What is VCG?
VCG is the acronym for “Ver Conferéncias Grabadas”, a bad name but an excellent initiative. It consists in collecting some talks from other conferences and then, during the conference, attendants can vote them and the most voted ones are watched and argued.
The First Edition
This is the list of videos that we saw in the first edition:
- Not Just Code Monkeys by Martin Fowler at OOP 2014.
- How to Build a Skyscraper by Ernie Miller at Full Stack Fest 2015.
- Connascence & Coupling by Joss Robb at Codemania 2015.
- Nothing is Something by Sandi Metz at RailsConf 2015.
- The Future of Programming by Bret Victor at DBX Conference.
- Hunters and Gatherers by Paolo Perrotta at Baruco 2013.
- The Rapid Software Testing Guide to What You Meant To Say by Michael Bolton at TestBash 2015.
- The Economy of Keystrokes by Kyle Simpson at Thunder Plains 2015.
It’s about the moral and ethics as software developers, dark patterns, privacy and some other topics that we should think about.
I proposed this one but nobody argued anything at end. Maybe its not as controversial as the first one, but I liked it because it shows a lot of problems related with software projects only talking about the history of skyscrapers.
Sincerely I need to view this talk again. It's about coupling and cohesion, and a software metic called Connascence. This metric allows us to talk about the relation of two objects and the complexity of this relation. I’m sure this metic will appear in the next Flywire’s code reviews…
I enjoy Sandi Metz's talks always, and this one is not an exception. In this talk, she talks about Active Nothing (Null Object Pattern), inheritance and composition with very good examples.
I really liked this one. Bret Victor staged that he was in 1973 giving a talk about the future of programming. He talked about a lot of computer science knowledge that we had in 1973 and nowadays it hasn't been applied yet. I have been thinking about learning about functional programming, reactive programming, actor models, etc… and this talk makes me think that this is the right way.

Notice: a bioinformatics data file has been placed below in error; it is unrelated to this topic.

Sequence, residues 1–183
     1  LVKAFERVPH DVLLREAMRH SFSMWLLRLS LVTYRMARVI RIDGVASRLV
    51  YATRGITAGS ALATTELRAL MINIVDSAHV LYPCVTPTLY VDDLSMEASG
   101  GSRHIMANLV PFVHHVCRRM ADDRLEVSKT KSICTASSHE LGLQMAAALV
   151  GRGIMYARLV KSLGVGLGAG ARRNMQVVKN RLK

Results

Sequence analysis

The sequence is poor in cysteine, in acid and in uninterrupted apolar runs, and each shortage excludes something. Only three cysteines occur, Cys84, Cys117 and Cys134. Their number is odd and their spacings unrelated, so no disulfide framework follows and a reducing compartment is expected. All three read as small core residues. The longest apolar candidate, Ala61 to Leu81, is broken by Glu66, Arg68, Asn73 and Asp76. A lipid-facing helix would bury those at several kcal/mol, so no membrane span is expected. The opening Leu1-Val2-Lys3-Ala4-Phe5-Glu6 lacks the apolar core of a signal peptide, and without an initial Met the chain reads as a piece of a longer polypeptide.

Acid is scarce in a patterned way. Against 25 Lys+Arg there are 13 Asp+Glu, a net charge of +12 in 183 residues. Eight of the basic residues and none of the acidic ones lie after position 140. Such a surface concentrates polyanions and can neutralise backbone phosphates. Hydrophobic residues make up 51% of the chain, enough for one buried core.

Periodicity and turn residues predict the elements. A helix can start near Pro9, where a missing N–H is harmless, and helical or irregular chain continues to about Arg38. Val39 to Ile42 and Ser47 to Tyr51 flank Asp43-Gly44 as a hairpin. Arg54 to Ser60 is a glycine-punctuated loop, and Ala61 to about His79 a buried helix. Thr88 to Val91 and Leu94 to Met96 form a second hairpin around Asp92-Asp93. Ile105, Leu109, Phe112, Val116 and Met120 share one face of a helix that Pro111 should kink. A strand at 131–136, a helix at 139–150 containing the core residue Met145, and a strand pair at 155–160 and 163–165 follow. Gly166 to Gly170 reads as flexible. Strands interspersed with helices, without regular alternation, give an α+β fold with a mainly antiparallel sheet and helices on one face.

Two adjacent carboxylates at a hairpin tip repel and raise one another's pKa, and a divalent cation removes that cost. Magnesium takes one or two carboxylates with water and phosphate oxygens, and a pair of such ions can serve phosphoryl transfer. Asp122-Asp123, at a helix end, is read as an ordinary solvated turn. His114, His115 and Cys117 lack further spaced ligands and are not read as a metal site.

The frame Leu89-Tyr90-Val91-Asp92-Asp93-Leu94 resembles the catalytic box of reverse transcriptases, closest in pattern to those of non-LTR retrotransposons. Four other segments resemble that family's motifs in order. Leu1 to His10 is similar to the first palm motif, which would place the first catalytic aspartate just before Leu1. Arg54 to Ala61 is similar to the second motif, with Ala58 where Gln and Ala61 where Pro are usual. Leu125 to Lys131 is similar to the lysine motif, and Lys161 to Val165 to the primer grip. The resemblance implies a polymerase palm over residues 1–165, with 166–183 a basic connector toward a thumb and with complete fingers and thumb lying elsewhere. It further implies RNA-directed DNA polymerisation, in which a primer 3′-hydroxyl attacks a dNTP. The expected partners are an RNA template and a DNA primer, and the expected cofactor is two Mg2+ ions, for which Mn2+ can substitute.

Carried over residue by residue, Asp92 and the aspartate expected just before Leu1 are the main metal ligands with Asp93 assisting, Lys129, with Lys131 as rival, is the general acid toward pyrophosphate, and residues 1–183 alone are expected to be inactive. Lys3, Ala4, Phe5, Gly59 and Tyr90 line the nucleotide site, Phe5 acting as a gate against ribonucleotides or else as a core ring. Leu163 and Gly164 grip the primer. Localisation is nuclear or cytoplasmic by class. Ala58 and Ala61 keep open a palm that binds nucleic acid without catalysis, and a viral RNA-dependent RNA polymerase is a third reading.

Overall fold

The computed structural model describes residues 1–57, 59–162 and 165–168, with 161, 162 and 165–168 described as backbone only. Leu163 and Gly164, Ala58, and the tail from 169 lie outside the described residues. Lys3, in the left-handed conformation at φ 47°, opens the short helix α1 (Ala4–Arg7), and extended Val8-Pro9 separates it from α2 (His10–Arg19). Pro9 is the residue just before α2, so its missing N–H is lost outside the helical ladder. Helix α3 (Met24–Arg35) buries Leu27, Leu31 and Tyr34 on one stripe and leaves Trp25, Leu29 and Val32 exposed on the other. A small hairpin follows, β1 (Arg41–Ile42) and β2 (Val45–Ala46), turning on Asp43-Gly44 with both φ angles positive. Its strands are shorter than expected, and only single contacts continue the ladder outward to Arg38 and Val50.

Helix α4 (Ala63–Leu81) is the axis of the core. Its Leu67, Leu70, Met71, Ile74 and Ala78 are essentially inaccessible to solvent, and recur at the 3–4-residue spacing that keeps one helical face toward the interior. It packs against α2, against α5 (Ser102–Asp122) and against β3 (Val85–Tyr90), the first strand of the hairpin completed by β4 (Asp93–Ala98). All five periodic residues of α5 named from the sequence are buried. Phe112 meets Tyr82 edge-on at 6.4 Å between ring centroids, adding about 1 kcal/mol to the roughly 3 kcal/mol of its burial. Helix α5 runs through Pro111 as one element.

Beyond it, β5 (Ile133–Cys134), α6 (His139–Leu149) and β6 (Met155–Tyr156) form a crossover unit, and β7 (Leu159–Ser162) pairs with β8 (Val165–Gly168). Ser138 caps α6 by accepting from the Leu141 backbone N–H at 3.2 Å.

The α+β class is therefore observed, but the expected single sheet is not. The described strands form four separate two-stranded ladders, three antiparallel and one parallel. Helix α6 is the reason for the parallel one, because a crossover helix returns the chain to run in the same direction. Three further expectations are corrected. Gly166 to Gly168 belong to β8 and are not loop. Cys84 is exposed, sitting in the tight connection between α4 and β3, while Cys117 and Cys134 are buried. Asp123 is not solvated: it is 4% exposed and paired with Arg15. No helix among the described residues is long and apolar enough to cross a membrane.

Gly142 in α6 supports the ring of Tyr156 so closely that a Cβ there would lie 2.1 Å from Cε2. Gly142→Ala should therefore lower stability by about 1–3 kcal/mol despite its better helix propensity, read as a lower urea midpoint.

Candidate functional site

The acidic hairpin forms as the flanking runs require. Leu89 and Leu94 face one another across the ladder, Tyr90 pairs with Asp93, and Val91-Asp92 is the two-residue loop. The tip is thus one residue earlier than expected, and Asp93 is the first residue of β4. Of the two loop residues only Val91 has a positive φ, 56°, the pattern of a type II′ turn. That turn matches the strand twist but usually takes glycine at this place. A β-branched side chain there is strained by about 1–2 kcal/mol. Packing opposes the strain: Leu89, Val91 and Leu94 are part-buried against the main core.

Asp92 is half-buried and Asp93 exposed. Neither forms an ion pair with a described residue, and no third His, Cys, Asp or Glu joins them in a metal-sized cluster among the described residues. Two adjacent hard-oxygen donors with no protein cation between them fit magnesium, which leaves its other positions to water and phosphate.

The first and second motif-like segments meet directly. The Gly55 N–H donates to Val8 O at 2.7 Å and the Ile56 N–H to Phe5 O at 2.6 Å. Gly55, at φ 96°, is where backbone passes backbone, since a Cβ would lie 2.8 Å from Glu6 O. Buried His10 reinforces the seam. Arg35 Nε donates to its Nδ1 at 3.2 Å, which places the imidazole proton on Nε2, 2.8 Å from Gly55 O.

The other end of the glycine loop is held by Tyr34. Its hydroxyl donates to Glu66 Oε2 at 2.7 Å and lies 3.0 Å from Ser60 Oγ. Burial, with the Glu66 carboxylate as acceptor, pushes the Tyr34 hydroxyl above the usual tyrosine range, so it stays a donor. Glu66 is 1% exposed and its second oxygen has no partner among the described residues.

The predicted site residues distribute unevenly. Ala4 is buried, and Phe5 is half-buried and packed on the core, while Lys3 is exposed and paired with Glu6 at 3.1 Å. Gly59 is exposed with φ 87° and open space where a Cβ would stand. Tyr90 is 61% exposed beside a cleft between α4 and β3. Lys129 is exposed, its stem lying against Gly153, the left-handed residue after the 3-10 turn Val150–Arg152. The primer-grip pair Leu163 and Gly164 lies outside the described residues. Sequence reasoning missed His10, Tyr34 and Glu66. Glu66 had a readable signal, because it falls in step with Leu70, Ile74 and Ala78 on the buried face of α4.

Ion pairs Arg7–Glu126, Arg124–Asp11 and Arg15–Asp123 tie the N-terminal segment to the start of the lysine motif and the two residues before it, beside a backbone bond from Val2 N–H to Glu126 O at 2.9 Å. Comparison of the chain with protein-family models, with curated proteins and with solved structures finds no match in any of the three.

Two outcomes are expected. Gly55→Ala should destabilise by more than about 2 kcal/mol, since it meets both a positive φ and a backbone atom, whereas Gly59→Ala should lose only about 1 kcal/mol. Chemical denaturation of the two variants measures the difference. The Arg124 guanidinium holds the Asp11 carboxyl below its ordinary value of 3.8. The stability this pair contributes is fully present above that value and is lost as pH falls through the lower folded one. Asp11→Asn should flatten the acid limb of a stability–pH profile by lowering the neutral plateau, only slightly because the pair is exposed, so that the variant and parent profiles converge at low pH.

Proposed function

This talk is about the same topic than previous one, but it uses some really great examples of science advantages. There is a good #protip here: “strong opinions, weakly held”.
This one is about how you communicate with others. It’s from a tester perspective but it can be extrapolated to any field. If you are a developer and you think you don’t need a tester role in your team, I encourage you to see this talk because at the end you will change your opinion.
This was an interesting talk. At the beginning he talked a bit about discriminations in our field. A field when if you are white, male, studied and american you have some advantages over others. It would be nice to beat this things as soon as possible… The rest of the talk can be summarized in “readers > writers”. You should write code thinking that anyone later should be able to understand what you are doing and specially why you are doing this.
And that’s all folks
- 15 attendants.
- 8 videos.
- 1 paella.
- Some ping-pong and table soccer games played.
Although we only argued about some of them, I think all of us learned something at the end so, at least for me, it was a pleasure to attend and I expect we can repeat this type of conference soon.
Special thanks to:
- Edu Saborit for having this nice initiative.
- All attendants for adding his videos and arguing in a constructive way.
- Flywire for gave his office up to us.
And also thanks to the real conferences and speakers for uploading all this awesome talks!